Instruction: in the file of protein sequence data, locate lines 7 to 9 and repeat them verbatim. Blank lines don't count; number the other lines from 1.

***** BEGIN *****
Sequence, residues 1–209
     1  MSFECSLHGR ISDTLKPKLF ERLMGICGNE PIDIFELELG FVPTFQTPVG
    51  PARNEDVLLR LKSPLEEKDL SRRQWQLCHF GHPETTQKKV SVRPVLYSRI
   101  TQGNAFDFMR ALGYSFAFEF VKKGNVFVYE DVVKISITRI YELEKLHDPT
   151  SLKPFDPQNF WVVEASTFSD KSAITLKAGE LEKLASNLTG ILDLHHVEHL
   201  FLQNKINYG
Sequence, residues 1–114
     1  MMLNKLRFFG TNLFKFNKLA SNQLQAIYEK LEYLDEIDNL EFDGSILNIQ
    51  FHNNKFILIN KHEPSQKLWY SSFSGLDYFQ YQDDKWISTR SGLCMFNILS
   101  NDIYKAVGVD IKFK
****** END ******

Sequence, residues 1–114
     1  MMLNKLRFFG TNLFKFNKLA SNQLQAIYEK LEYLDEIDNL EFDGSILNIQ
    51  FHNNKFILIN KHEPSQKLWY SSFSGLDYFQ YQDDKWISTR SGLCMFNILS